After about an hour’s drive north of Lisbon, you’ll arrive in Ericeira. Make your way towards the sea where you’ll come across the spectacle that is Cesar’s. A beautiful white villa that cascades down the sandy cliffs towards the sea, housing a restaurant adored by seafood-lovers and a fresh shellfish market below. The menu is extensive, filled with an assortment of seafood for you to choose from but if in doubt, head downstairs to pick out your crab or ask a waiter for their recommendation.
If you’re up for it, head down to the beach with your swimming-costume and hire out a surf board and attempt a lesson in wind-surfing. The water’s warm, so enjoy a surf ‘sans’ the wetsuit for a change. And if you’re not up for the water sports, take a walk along the wild and uninterrupted coast line.
Drink with the Locals
Portugal’s famous, sweet cherry liqueur, made by infusing Ginja berries with alcohol, is much-loved and can be found in small nooks of neighbourhoods or small stalls, struggling to stay up between the cobble stones. Enjoy a quick shot on-the-go, usually served in a dark-chocolate cup which you eat afterwards, along with the single berry, removing any after taste.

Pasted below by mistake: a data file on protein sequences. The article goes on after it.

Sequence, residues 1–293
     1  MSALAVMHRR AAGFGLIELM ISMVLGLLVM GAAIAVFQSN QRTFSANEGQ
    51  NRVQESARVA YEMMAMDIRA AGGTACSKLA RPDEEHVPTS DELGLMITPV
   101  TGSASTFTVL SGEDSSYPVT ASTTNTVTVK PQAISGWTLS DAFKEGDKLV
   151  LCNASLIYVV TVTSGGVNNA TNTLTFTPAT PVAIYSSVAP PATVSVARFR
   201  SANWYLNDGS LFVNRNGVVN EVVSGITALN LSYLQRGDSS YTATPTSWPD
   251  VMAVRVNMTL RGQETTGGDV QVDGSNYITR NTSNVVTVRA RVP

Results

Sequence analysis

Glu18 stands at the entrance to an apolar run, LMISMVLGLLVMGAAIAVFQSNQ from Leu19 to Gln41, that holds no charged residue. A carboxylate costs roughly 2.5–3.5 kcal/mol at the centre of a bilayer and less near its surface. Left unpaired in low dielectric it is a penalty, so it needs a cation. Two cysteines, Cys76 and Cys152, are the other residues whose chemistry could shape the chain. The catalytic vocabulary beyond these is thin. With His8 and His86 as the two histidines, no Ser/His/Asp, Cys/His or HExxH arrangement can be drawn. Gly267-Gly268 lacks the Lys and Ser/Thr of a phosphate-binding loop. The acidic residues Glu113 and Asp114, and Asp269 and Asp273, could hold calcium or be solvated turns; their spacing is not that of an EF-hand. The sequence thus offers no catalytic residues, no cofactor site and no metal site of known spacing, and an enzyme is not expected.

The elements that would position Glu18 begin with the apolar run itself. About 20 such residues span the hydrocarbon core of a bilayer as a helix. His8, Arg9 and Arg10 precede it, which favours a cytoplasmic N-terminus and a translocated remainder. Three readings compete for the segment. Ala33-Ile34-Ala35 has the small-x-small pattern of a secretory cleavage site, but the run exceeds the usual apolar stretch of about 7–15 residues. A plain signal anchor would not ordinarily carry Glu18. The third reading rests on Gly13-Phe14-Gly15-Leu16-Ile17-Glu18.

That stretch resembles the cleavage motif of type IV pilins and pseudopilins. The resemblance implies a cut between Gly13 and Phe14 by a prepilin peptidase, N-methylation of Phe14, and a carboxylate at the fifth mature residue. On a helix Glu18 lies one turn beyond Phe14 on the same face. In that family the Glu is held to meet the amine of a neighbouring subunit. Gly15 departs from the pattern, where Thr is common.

If you’re up for an adventure and want to get out of town, head out-of-town to Óbidos. A small and bustling historical-hub, home to one of very few medieval villages that has been able to remain untouched, allowing only foot-traffic through its castle walls. This is also one of the original homes of Ginja and you can find it every few steps when walking through Óbidos. Careful, they can be mis-leading, essentially you’re doing a shot each time 😉
Like South Africa, Portugal has developed a love for craft beer. There’s an array to choose from as well as the locally-loved mass-produced beers such as; Sagres and Super Bock. Grab one and enjoy a football game in a near-by pub where you’ll experience the real Portuguese-passion that exists for the sport.
Wine… well, Port(ugal)
There are thousands of lush vineyards throughout Portugal. Seen as the frontier of wine in Europe, Portugal’s landscape lends itself to producing a range of award-winning and exquisite wines.